News, stories and reports from Forestry Commission Scotland and the National Forest Estate

News blog

News, stories and reports from Forestry Commission Scotland and the National Forest Estate. You can follow this feed with RSS or Atom, or on Twitter. We also publish press releases.


Protecting the Stones of Worship

Damage caused by a Pagan bonfire to the stone circle of Na Clachan Aoraidh - set high on the limestone ridge of Cnoc na Craoibhe above Loch Tummel in Tay Forest District - was turned into an opportunity to investigate and record the site in detail.

Na Clachan Aoraidh translates from Gaelic as ‘the Stones of Worship’. The site is an unusual ‘four poster’ stone circle – a square arrangement of four large stones on a low stone-built platform. It’s an early Bronze Age ceremonial site and was probably built about 4,000 years ago.

na clachan aoraidh

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Floating pier helps Scotland’s rural economy

Timber haulage is an important part of the forestry life cycle, benefitting communities and the economy.

With timber harvesting rising to over 7 million tonnes per annum in Scotland, the Scottish Timber Transport Scheme seeks to facilitate the sustainable transport of timber for the benefit of local communities and the environment.  It has funding of £2.2m in 2016/17.

One of the approved projects in 2016 is a floating pier to be built in Ardcastle in West Argyll.

pier

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Tackling climate change with trees

Scotland's forests are a vital tool in the country's response to climate change. Forestry Commission Scotland is committed to ensuring our woodland realises its carbon-capturing potential.

Key to our work is tree-planting to help mitigate the impact of greenhouse gases. Supporting the Scottish Government's pledge to plant more woodland, we are committed to sustainable management of forests and the provision of grants to landowners looking to convert unused or unproductive land into woodland.

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New Procurement Strategy

We have published our first draft Procurement Strategy and we invite stakeholders and members of the public to comment on it.

procurement

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Modern forestry benefits the Nightjar

The Nightjar – one of Scotland’s rarest and most unusual birds – is the latest species to benefit from modern forestry practices.

For many years Forest Enterprise Scotland has worked to support the local population of Nightjars in Dumfries and Galloway, creating and maintaining habitat for them through felling and restocking trees. By creating a mosaic of different age structures, larger parts of the woodland become usable by Nightjars as there are always areas of open ground or young replanted ground which they favour.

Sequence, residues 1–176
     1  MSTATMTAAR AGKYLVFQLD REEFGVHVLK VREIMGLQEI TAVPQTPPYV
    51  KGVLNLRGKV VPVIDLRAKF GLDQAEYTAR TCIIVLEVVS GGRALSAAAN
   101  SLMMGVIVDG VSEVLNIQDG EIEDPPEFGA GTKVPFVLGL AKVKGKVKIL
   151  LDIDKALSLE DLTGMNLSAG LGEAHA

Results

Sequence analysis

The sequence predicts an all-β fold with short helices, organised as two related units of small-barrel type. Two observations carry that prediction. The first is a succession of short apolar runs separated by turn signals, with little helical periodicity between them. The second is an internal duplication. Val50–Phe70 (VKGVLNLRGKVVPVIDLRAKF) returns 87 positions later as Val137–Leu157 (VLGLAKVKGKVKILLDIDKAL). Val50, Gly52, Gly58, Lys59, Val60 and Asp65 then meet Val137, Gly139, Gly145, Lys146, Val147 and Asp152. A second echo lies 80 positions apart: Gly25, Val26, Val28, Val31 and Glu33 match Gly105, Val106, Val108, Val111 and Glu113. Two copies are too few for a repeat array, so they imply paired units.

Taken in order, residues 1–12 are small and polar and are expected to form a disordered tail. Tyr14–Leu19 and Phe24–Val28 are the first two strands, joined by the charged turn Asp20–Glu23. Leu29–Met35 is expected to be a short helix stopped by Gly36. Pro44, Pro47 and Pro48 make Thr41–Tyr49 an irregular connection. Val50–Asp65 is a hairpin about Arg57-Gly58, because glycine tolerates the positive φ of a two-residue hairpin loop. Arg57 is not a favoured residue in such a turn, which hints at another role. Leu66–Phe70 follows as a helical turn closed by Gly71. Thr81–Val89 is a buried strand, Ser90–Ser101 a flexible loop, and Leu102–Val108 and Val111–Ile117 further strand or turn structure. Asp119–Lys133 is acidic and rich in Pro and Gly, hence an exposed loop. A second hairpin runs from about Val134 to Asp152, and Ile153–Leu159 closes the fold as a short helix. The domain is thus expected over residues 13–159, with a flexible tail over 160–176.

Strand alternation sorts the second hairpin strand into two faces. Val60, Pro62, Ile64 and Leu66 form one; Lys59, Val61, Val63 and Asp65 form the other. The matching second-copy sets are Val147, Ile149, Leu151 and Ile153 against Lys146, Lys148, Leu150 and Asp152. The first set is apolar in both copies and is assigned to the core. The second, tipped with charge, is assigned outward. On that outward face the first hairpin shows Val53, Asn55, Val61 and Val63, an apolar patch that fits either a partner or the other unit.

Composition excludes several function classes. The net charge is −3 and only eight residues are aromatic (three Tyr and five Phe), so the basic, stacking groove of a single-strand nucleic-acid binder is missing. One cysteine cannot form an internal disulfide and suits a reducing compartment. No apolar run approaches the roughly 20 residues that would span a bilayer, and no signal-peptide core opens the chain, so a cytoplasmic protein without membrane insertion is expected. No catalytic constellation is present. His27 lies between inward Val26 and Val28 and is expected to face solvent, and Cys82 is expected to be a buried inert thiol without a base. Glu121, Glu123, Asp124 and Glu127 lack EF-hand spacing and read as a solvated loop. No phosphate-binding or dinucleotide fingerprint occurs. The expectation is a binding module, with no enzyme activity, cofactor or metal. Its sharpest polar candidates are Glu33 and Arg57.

nightjar

Photo credit David Tipling

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White-tailed eagles flourishing on the National Forest Estate

We are proud that our forest management helps wildlife species to flourish. One of our biggest success stories is the white-tailed eagle, once extinct in Scotland but now living here again after successful re-introduction programmes. The west coast releases and the success of the birds in places such as Mull, Skye and Argyll has been a fantastic success story but the East of Scotland project is perhaps a little less well known.

The East Scotland Sea Eagle Project brought chicks over from Norway to Fife between 2007 and 2012, and we are now seeing the released birds produce their own chicks.

white tailed eagle

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Calling all budding photographers

Entries are open for our new photography competition to celebrate the advent of autumn colours. Everyone is welcome to enter for a chance to win a scrumptious Galloway Lodge hamper, and the winning photo will feature on our autumn webpage in 2017.

 galloway-lodge-hamper-prize

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The benefits of woodland creation

Woodland creation plays an important role in contributing to the Scottish Government woodland target, as well as helping mitigate climate change by carbon sequestration and restoring lost habitats through developing forest habitat networks.

planting

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Forestry isn’t just about growing trees

An inspirational exhibition launched at the Festival of Architecture is now touring Scotland, showcasing the best of architecture in Scotland, including examples of how Scottish timber can be used in design and construction.

Scottish timber is a fantastic sustainable resource – it’s an endlessly flexible, versatile and adaptable material to work with – and there’s probably no end to the inventive ways that it can be glued, bent, carved, formed and shaped into something new.

timber

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